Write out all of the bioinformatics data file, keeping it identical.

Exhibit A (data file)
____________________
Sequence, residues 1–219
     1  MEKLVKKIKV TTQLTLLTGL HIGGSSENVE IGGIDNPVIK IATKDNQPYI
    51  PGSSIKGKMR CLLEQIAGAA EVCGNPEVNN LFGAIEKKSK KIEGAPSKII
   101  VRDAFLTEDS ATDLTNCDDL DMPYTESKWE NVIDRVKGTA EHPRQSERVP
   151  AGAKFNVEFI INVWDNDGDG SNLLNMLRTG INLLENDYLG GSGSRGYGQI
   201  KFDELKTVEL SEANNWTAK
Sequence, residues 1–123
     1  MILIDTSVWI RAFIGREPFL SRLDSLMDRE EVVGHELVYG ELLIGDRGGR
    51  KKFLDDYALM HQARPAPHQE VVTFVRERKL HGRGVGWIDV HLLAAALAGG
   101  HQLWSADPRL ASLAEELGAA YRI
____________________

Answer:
Sequence, residues 1–219
     1  MEKLVKKIKV TTQLTLLTGL HIGGSSENVE IGGIDNPVIK IATKDNQPYI
    51  PGSSIKGKMR CLLEQIAGAA EVCGNPEVNN LFGAIEKKSK KIEGAPSKII
   101  VRDAFLTEDS ATDLTNCDDL DMPYTESKWE NVIDRVKGTA EHPRQSERVP
   151  AGAKFNVEFI INVWDNDGDG SNLLNMLRTG INLLENDYLG GSGSRGYGQI
   201  KFDELKTVEL SEANNWTAK
Sequence, residues 1–123
     1  MILIDTSVWI RAFIGREPFL SRLDSLMDRE EVVGHELVYG ELLIGDRGGR
    51  KKFLDDYALM HQARPAPHQE VVTFVRERKL HGRGVGWIDV HLLAAALAGG
   101  HQLWSADPRL ASLAEELGAA YRI